Routine Maintenance: Forming, Reforming, and Transforming Social Formations
Rebrovick, Arthur J.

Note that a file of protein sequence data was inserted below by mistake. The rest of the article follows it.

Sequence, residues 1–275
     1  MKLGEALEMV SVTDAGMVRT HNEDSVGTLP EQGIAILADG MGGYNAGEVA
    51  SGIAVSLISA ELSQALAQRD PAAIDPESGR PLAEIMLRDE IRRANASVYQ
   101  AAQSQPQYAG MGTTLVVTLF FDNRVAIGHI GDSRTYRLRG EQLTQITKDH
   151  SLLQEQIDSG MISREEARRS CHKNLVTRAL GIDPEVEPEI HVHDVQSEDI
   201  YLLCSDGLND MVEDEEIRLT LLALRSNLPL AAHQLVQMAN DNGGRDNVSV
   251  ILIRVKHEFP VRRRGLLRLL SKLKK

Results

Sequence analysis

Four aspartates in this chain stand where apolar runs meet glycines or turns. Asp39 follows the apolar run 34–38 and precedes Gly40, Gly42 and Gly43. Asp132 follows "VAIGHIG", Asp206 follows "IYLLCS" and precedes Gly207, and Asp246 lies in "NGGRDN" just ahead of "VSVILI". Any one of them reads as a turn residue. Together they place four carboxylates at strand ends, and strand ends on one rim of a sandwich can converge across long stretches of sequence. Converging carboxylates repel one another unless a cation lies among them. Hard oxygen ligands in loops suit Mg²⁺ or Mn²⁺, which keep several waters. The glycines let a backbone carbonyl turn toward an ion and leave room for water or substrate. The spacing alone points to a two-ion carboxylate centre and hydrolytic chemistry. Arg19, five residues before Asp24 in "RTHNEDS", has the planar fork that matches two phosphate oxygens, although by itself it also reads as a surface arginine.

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This dissertation describes four routine activities—seeing, working, touching, and eating—in order to develop the concept of a social formation. An effort to elucidate the concept of a social formation, and, in particular, to articulate the relationship between politics and social formations, connects each of the chapters. Following the theorists of social formations, I construe as political any process that actively forms, reforms, or transforms a given social formation. This thesis does not imply that everything is politics, but, rather, that every process has the potential to become political. The concept of a social formation connects politics with any of the processes—small or large, micro or macro, individual or collective—that structure, reproduce, and alter the world containing them. Politics within social formations is a common, diffuse process rather than a rare moment or event. The present study therefore focuses on continuously repeated activities rather than on occasional, delimited events such as voting, legislating, or the founding of new states. The first chapter describes how new forms of seeing in the late-seventeenth and mid-nineteenth centuries made it possible to observe, measure, and represent first, “the market system,” and later, “the economy.” The second chapter analyzes the politics of working; building on historical scholarship documenting the influence of thermodynamics on Marx’s thought, it demonstrates that, for Marx, the peculiar ability of human labor-power to create value is the result of politics, and not, as many Marxists assert, of nature. The third chapter explores the notion of a “politics of touching” by analyzing Walt Whitman’s poems that envision a new political order founded on comradeship—a distinct kind of friendship characterized by physical intimacy. The final chapter discusses the politics of eating and contends that a new discourse of “eco- dietetics” emerged in the mid-twentieth century out of social movements promoting seasonal, local, organic, and “Slow” food. The conclusion considers the surprising role of the nineteenth-century German chemist Justus von Liebig in each of the main chapters.